There is one book I always refer to as my theatrical bible — “Improvisation for the Theater” by Viola Spolin. When I graduated from Harvard in 1988, I had plans to drive across the country to the Yukon in a car my brother had given me. The week of graduation, the car wouldn’t start and had to be towed from its parking spot on Linnaean St. At the last minute, I auditioned for an acting program in New York City, and ended up training with the late great Paul Sills, who became a lifelong mentor. His mother, Viola Spolin, had written a handbook of theater games which she had been inspired to create out of her work with immigrant children at Chicago’s Hull House. Paul took these games into the professional theater and founded the now famous Second City.
Spolin’s theater games are designed to unleash creativity in a nonjudgmental environment, where there is no right or wrong, simply a game “well played.” There are no props or sets, just “space” that can be transformed. Paul would always call this “the invisible becoming visible.” As acting students, we spent hours every day playing theater games, trying to get out of heads, and into that blissful state of improvisation where anything is possible, the unexpected emerges, and the space becomes alive between you and your fellow players. Paul was our coach, and he would urge us from the sidelines to “share our voice,” to “heighten and explore” a given moment, to change our speed to “slow motion,” to “sing” our dialogue, or speak in “gibberish,” to “show don’t tell.” It was never about being funny, making jokes, or being clever. There was always a quest to get beyond what you knew in your intellect, and to enter a spirit of play that could lead to the spontaneous and explosive freeing of creativity.
To this day, I draw on these games in my teaching, in my work with professional actors including the Audra McDonalds of the world, and most significantly in how I try to live my life. In the words of Viola Spolin, “it takes courage to move out into the new, the unknown.”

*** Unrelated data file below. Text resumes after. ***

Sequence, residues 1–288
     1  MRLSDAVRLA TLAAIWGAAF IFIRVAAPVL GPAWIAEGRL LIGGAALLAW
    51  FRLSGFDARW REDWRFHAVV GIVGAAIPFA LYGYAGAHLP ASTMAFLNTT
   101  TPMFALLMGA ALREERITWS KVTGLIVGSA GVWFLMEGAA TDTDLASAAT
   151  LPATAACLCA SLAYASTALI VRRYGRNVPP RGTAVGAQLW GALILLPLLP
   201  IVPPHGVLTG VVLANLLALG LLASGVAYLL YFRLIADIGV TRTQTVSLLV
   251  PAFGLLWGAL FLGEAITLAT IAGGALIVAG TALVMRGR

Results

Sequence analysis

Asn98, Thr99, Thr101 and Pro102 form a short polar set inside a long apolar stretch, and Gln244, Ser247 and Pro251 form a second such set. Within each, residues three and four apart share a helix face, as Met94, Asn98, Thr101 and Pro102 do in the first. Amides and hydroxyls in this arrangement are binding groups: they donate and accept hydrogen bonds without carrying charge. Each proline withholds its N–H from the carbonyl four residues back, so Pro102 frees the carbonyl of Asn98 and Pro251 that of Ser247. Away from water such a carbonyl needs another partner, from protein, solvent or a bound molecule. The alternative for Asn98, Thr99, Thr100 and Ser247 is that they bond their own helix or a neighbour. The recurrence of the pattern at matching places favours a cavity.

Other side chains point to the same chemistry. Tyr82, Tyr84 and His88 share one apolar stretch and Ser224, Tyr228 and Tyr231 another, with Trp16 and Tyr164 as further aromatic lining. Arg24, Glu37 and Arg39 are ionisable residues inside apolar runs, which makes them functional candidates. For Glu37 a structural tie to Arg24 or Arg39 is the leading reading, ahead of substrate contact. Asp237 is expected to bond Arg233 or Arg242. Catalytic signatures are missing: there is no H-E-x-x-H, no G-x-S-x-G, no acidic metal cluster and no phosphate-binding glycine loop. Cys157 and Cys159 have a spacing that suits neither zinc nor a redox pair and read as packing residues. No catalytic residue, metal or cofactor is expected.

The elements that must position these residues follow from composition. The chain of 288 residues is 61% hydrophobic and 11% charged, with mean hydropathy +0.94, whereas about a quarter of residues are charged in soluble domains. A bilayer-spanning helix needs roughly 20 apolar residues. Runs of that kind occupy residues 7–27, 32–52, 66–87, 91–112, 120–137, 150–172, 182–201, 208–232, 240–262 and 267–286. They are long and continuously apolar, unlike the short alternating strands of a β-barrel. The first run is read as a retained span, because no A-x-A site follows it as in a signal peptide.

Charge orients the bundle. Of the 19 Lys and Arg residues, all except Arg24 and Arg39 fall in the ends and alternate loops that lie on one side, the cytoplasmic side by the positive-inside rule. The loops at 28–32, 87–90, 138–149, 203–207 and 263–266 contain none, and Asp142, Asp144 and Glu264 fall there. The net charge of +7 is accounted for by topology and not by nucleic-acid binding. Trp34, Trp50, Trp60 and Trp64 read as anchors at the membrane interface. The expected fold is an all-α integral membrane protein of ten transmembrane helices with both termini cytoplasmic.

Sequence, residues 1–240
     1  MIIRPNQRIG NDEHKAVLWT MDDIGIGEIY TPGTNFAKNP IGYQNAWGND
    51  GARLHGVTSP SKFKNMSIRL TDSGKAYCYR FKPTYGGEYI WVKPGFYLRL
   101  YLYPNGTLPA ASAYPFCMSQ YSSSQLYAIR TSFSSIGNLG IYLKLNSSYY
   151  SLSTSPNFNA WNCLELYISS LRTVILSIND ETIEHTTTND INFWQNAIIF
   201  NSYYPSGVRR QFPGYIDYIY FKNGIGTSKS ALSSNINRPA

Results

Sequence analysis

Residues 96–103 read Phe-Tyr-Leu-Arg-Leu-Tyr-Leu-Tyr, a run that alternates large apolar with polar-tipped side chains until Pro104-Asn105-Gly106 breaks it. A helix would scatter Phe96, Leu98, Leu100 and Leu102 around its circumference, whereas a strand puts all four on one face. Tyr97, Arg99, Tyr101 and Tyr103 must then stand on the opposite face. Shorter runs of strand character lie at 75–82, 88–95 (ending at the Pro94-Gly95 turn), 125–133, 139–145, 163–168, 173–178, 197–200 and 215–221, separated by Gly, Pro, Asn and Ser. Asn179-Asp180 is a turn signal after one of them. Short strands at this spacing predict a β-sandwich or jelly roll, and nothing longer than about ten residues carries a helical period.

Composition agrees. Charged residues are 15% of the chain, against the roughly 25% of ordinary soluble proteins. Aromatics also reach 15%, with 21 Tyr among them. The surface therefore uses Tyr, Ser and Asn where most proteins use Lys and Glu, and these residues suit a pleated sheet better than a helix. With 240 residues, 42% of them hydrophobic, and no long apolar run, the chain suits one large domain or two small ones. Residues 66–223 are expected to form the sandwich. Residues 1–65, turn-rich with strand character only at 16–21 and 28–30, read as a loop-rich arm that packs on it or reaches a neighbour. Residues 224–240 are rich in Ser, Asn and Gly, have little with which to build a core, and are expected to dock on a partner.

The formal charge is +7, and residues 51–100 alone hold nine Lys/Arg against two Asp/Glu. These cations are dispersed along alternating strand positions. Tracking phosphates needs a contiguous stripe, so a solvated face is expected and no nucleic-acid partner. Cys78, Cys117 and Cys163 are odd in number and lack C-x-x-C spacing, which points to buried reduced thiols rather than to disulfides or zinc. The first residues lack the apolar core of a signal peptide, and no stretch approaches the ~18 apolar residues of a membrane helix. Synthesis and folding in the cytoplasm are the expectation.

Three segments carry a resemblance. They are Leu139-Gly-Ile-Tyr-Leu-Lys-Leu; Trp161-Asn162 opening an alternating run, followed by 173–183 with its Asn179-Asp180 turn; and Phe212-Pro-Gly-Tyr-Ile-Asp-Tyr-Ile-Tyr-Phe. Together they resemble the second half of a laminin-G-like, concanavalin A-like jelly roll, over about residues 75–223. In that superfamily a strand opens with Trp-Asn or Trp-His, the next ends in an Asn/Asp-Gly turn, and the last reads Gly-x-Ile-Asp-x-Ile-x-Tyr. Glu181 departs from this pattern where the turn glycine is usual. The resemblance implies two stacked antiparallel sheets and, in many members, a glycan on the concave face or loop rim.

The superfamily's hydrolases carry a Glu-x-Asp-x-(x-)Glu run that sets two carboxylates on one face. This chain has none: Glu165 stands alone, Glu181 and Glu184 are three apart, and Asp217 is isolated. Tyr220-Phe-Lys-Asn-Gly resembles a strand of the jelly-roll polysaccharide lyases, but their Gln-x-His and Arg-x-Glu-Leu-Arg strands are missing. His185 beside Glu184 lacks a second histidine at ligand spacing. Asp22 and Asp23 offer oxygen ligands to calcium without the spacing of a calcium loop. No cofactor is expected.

Robin Bernstein, Dillon Professor of American History
I don’t know how many times I’ve read Alison Bechdel’s graphic memoir “Fun Home: A Family Tragicomic.” From the first page to the last, at least 20. Plus several hundred partial rereadings when I was writing an article about the book.
I keep coming back because of the intensity of pleasure this book gives me. I love Bechdel’s line: her tender attention to hair, to musculature, to the curve of inked letters themselves. I love how the pictures and words function like two mirrors facing each other, at a slight angle, to produce meanings that repeat with a difference, dizzying and endless, beyond a vanishing point (a dynamic that reflects, itself, the title of the book). I love the book’s absolute commitment to speaking the truth even when the truth is impossible to grasp.
And certainly, I love the book in part because it reflects some aspects of my life. The plot of each could be summarized, “Butch lesbian from unusual family reads big books and thinks a lot.” Even more than the content, however, what gives me pleasure is the way the rhythm of “Fun Home,” its recursive structure, its spiraling revisitations of long-past events combine, somehow, to replicate my experience of my own mind. Very few books read like my brain feels — but this one does. It’s startling. It’s exquisite. It’s home — not the one I know, but a different yet familiar home in the shape of a book.